He also was an ordained minister who was pastor of Westminster Presbyterian Church in Petersburg, where McClellan was born in 1972.
She grew up in southern Chesterfield and graduated from Matoaca High School, earned her bachelor's degree from the University of Richmond and law degree at the University of Virginia. After a stint at Hunton & Williams law firm, now known as Hunton Andrews Kurth, she joined Verizon, a telecommunications giant that includes Virginia's largest telephone company.
McClellan was first elected to the House of Delegates in 2006 and served until 2017, when she was elected to the Senate to succeed U.S. Rep. Donald McEachin, D-4th.
She has long been eyed as a likely Democratic candidate for statewide office, but she has juggled her corporate job with the seasonal demands of the legislature and being a mother to two young children. She is married to David Mills, former executive director of the state Democratic Party.
McClellan was not coy about her political ambitions in an interview with the Richmond Times-Dispatch in late 2016 before her election to the Senate.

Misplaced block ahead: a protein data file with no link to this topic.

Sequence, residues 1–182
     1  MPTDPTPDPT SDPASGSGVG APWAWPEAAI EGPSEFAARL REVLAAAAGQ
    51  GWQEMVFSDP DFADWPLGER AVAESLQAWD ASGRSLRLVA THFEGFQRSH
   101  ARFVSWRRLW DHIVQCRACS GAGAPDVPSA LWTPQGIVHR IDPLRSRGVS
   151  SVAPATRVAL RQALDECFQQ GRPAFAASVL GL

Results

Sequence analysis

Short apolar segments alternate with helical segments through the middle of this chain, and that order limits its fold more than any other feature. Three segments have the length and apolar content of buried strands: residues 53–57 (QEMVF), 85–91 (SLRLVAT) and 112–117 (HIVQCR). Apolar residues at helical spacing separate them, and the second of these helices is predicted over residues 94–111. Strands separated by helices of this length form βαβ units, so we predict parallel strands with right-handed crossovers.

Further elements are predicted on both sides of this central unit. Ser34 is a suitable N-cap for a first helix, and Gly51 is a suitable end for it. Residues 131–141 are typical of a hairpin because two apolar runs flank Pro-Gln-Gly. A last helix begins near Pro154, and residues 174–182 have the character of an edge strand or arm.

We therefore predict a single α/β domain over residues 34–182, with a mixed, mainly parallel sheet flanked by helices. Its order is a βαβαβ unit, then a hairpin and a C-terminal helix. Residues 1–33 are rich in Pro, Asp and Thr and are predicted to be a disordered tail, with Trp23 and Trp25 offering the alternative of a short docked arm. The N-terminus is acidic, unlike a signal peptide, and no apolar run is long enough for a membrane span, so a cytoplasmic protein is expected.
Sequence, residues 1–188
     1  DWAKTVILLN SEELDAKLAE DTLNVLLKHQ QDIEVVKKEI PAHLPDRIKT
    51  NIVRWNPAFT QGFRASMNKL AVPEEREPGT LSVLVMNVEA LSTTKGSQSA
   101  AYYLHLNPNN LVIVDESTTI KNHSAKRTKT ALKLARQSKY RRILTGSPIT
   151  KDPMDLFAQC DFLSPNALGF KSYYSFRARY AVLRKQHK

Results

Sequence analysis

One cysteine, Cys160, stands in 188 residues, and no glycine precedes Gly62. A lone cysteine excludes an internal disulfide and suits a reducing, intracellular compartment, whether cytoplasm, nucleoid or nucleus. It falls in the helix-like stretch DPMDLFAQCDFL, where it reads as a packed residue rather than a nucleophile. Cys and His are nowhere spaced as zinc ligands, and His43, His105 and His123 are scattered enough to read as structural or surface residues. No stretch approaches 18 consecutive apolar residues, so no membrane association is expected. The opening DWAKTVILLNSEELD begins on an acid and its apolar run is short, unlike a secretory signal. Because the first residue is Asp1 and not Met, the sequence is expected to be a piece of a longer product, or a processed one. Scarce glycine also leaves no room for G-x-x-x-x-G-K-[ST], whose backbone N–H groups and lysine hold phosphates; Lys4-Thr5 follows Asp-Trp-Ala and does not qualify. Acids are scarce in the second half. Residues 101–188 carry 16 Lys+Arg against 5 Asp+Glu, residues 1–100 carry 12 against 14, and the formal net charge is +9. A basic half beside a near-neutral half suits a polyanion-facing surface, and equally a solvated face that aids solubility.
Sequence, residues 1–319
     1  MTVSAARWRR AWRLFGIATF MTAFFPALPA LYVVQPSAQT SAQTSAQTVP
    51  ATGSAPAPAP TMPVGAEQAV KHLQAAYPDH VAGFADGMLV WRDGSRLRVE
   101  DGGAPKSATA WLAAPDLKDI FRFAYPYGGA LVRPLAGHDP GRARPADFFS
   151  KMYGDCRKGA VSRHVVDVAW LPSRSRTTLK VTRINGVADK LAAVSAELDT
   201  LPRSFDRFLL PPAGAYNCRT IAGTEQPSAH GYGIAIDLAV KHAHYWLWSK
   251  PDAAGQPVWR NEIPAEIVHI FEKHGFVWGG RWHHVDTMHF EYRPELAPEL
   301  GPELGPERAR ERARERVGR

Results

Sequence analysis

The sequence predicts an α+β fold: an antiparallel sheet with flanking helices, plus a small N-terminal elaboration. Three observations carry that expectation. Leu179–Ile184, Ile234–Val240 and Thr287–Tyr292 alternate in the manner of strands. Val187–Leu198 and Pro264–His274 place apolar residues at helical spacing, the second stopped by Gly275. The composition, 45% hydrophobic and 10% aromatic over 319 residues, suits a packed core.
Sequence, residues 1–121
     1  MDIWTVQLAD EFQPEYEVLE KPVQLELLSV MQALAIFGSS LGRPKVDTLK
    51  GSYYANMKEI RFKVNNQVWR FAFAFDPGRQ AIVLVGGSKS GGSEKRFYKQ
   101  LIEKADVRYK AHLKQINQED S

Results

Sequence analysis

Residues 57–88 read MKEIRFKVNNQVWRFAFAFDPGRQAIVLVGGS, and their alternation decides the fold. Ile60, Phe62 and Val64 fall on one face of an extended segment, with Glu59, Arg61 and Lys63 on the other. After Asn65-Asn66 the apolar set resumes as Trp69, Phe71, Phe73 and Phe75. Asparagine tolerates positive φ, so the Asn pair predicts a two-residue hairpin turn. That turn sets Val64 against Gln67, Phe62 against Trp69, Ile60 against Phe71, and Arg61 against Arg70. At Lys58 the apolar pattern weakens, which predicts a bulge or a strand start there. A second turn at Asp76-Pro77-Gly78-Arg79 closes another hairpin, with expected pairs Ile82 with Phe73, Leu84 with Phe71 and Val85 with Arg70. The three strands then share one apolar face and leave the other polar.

“I say this as a joke, but it’s also true,” she said then. “Any Virginia politician who tells you they don’t want to be governor is a liar.”
McClellan faces a campaign like no other because of the constraints of social distancing and avoiding crowds to prevent the spread of COVID-19, which has infected almost 56,000 Virginians and killed almost 1,600.
Her challenge is to find multiple ways to "meet people where they are," but she said her campaign will rely on "good old grassroots organizing."
"You have to talk to them, you have to listen to them," she said. "You have to understand their anxieties.
"I've always been a good listener."